Ranking on IMDb Top 250: #183
Director: Brad Bird
Starring: Craig T. Nelson and Holly Hunter
I thought I was going to be writing about this movie three days ago, but apparently Netflix has a tough time shipping DVDs fifty miles south all of a sudden, and it arrived two days later than anticipated. Hopefully this won't happen again. I'll admit that I probably won't give this movie a fair shake in this blog post, either, because my mind is still lingering on the other movie I saw today: Robert Rodriguez's new splatter flick Machete, which anyone who likes to have fun should see immediately. Regardless, I'll try to be fair to one of Pixar's relatively unsung films, The Incredibles. While it should have theoretically spawned the most merchandising of any of their movies – kids love superheroes, after all – its impact has all but disappeared today, whereas it's hard to go a day without seeing a kid in a goddamn Lightning McQueen shirt from Cars, Pixar's worst movie by far. Even if that seems a little cosmically unfair, six years after its release, The Incredibles (somewhat unsurprisingly) doesn't hold up nearly as well as one would think. With Pixar spending most of its post-2004 output proving that it can tell emotionally complex stories (again, excluding Cars), and with the market becoming so saturated with superhero movies that Marvel Studios seriously just picked up an Iron Fist script (I love comics, but, uh, really?), the fast-paced, action-heavy formula just doesn't have the charm that it did when the movie first hit theaters.
I think what sets The Incredibles apart from (most of) the rest of Pixar's filmography is the fact that it isn't just an animated movie; it's a kid movie, and there's almost no debating that. Some of that comes from the subject matter of superheroes, but as Christopher Nolan among others has shown us, it mostly comes from the execution. The Incredibles boasts brightly-colored animation, fast-moving scenes, family-friendly comedy, and not much else. With no scenes like Peter O'Toole's monologue on criticism in Ratatouille, the opening montage in Up, or the painful giveaway of Andy's toys at the end of Toy Story 3 to bring an emotional level to the movie, it gets away with being a two-hour episode of a cartoon show. An excellent one, no doubt, but one nonetheless. There's simply not a lot of meat on the admittedly flashy bones.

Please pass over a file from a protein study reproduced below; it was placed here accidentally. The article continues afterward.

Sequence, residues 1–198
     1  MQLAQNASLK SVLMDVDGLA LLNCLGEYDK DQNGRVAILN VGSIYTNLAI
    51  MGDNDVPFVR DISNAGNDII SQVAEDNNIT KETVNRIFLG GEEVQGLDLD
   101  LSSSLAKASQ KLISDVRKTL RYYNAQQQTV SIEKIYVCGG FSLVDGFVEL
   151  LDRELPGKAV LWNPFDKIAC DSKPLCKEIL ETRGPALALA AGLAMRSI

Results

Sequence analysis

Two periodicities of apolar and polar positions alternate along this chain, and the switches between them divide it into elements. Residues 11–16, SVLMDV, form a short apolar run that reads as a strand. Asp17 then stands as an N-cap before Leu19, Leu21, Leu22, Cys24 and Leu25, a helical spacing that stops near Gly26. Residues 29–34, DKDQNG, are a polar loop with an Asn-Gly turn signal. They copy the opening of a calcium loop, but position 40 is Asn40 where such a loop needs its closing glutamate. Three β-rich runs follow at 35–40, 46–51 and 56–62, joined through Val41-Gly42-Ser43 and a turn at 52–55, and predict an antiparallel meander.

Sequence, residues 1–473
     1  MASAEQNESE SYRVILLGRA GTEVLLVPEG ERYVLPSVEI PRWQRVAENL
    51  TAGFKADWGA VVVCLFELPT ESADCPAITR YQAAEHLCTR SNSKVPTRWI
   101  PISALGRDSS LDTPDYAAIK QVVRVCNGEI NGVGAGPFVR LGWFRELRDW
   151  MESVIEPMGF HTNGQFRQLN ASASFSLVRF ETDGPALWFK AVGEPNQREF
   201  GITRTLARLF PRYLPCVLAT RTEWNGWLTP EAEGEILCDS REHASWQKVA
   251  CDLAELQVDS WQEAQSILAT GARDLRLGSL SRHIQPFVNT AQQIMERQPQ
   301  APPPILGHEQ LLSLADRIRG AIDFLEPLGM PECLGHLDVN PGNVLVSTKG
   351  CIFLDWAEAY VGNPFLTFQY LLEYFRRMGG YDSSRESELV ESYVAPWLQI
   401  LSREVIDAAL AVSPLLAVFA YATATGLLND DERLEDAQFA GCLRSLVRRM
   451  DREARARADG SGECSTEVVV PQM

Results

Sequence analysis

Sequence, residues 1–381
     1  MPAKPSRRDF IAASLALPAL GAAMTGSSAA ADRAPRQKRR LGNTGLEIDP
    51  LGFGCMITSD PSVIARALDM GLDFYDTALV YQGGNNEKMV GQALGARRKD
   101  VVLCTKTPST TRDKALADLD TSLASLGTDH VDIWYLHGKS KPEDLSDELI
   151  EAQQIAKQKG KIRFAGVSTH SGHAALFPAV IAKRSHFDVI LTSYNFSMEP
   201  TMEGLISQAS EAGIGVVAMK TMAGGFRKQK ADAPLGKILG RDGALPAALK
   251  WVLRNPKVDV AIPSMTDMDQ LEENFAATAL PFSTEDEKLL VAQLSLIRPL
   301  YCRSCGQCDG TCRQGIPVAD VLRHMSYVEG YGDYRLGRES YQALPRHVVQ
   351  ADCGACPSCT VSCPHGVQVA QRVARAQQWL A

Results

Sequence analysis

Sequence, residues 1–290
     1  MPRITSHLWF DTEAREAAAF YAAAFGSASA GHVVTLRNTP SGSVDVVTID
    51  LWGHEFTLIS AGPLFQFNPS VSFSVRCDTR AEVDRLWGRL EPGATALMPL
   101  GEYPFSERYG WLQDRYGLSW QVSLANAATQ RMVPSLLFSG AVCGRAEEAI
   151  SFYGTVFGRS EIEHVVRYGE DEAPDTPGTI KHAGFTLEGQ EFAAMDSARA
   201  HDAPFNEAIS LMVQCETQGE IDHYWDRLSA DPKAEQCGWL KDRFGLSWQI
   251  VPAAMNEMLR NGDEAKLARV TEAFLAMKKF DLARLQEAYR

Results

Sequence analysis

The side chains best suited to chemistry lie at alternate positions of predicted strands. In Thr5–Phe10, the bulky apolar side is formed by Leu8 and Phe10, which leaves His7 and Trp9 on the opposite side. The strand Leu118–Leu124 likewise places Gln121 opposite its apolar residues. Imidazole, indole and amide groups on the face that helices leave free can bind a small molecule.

But The Incredibles isn't a bad movie. It just lacks a lot of what Pixar has spoiled us into expecting from them. We're used to Pixar characters whose greatest enemies are within them – Woody's jealousy, Carl's grief, WALL-E's duty – whereas Mr. Incredible and his family just fight a giant robot for the better part of an hour. But some movies are just two hours of fun and don't have to make any apologies for not being more emotionally powerful – I mentioned that I saw and loved Machete earlier today, didn't I? If The Incredibles was supposed to mark Pixar's venture into check-your-brain-at-the-door popcorn filmmaking, it's one of the finest animated entries in that particular canon of all time. But is it a great film? That's gonna be a tougher sell.
The Good: It's an excellent "comic book movie," and it doesn't even come from a comic book. The writers and animators really captured the genre without technically working in it.
The Bad: It really feels like some depth is missing that could be there. The "we used to be superheroes and now we're not but we still get the itch sometimes" plot device is not exactly introspective.
The Skinny: I wouldn't put it on the list.